Last night the stars were out, but by morning we were greeted with the customary overcast skies. Although open to some wind, affected by currents and open to swells from passing large ships, Active Cove was very pleasant. We lifted anchor and made our way across to Satellite Cove on Stuart Island. As the sun came out, the wind picked up and opposed the current so we traveled in a bit of disturbed seas that were handled well by Arctic Star.
Karen was expecting to see more cruisers in Prevost Harbor, but I think the count was only four when we arrived. And our planned anchorage in Satellite Cove was empty. We dropped anchor in the middle of the cove and got a firm set of the anchor right away.
Then it was time to launch the dinghy and travel over to the county dock. This gave us access to the county road which leads to the Turn Point Light House. A visit to the lighthouse has been on the list for a few years, but the walk from Reid Harbor, the adjacent and more popular anchorage, starts with a hike up 127 steps. From there it is a three mile hike. Our plan, starting at the county dock, is only a 1.5 mile walk.
The county road would be considered somewhat rustic for vehicles, but for walking it was luxurious. Dry, wide and relatively smooth, it made for a pleasant hike.
"The" county road
Along the way we spotted a Cessna 172, with many ominous DANGER AIRCRAFT NO TRESPASSING signs. Of course, being pilots, we were intrigued. Turns out some of the residents have carved out a grass strip through the trees.
Airport carved out among the trees
One of the locals having lunch
The walk to the lighthouse is populated by deer, abandoned cars, a herd of dairy cattle, homes of some of the forty residents of the island and beautiful views overlooking Turn Point. In fact, we found one overlook we liked so well we noted its latitude and longitude so we may return with a picnic lunch in the future.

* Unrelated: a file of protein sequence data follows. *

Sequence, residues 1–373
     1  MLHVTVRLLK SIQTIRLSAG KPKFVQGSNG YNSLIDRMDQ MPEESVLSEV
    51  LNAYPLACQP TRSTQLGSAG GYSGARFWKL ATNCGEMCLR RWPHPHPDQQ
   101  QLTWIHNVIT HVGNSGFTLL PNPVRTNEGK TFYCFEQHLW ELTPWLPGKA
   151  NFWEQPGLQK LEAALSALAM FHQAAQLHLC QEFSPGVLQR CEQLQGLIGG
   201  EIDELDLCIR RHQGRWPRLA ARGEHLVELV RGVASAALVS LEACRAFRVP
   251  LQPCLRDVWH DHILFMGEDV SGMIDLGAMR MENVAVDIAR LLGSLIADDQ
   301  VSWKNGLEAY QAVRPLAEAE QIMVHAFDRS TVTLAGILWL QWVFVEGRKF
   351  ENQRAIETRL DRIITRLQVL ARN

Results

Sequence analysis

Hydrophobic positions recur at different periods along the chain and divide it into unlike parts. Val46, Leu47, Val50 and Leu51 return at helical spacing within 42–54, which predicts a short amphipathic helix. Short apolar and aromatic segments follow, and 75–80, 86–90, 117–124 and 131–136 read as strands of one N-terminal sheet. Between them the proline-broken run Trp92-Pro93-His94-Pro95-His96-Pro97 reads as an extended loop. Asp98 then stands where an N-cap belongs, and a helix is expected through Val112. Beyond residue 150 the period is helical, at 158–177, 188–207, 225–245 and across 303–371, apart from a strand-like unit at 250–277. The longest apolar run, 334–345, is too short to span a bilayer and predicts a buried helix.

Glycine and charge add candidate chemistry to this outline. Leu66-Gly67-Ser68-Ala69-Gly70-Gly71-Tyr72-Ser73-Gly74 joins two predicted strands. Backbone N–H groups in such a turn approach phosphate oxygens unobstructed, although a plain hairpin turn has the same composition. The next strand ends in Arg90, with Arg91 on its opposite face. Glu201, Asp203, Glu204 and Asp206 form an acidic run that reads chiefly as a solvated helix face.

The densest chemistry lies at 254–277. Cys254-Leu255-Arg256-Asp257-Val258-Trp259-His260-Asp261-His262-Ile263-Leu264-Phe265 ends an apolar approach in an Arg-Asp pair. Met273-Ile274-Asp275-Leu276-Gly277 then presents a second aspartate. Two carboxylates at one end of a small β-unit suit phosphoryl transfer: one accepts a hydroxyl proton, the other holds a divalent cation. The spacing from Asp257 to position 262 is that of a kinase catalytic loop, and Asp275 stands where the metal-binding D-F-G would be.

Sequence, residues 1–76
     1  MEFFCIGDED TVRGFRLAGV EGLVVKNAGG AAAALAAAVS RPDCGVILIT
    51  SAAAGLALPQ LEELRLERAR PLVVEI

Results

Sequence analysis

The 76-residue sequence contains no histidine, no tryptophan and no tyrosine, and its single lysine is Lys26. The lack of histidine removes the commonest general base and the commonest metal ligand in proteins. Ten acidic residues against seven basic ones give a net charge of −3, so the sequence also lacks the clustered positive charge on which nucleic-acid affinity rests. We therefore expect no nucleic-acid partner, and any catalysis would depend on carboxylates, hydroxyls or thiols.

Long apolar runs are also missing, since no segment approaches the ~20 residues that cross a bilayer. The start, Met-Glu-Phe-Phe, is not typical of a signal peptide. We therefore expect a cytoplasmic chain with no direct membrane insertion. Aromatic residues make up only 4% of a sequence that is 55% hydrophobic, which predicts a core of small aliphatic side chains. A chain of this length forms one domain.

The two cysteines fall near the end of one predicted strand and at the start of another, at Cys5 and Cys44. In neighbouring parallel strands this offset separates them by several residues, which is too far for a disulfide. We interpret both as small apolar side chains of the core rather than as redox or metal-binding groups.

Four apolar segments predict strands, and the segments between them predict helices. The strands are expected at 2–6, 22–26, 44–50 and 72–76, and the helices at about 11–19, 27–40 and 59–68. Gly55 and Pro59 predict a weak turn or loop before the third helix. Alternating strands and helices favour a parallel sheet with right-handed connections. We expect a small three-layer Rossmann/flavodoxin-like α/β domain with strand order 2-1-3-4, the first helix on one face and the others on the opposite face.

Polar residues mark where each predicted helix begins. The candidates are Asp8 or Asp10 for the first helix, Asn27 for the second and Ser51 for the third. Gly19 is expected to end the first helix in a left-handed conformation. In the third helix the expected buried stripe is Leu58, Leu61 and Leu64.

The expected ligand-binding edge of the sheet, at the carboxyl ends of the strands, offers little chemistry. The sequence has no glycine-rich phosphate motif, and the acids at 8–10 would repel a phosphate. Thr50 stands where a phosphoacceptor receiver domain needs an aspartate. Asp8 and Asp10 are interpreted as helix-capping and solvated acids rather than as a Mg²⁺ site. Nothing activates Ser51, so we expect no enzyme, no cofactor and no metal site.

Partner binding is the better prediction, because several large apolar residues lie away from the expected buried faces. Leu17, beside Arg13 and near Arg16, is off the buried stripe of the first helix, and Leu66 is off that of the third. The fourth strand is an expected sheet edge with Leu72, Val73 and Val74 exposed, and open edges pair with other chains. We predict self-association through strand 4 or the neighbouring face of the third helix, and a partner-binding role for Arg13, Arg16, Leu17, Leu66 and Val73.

The walk is flanked by a stately forest
The lighthouse is active although unmanned and automated. The original lighthouse caretaker’s house, barn and other structures have been restored and it was fun to peek in the windows. The views from the front porch must have been a fair exchange for the isolation of the assignment.
Karen hangs on to the lighthouse
The lighthouse caretaker's house
The view from the front porch of the caretaker's house
Blacktail deer grazing on the front "lawn"
Karen takes a break of the front porch before we head back
With most of the walk back being downhill, the time passed quickly. Along the way we crossed the path of a herd of wild goats. They were more skittish than the native deer. Karen then tried to call the dairy cows over to see her, but her MOO seemed unconvincing to the bovines that were more interested in munching the green stuff and attending to their calves.
"We are not amused"
Back on the boat it was time for me to make my traditional pot of chili. We pack it in multiple containers and it becomes our “easy” microwave meal when more elaborate culinary undertakings are not of interest.
Small duck at sunset
After our hike and kitchen work, we both collapsed into bed not long after sunset.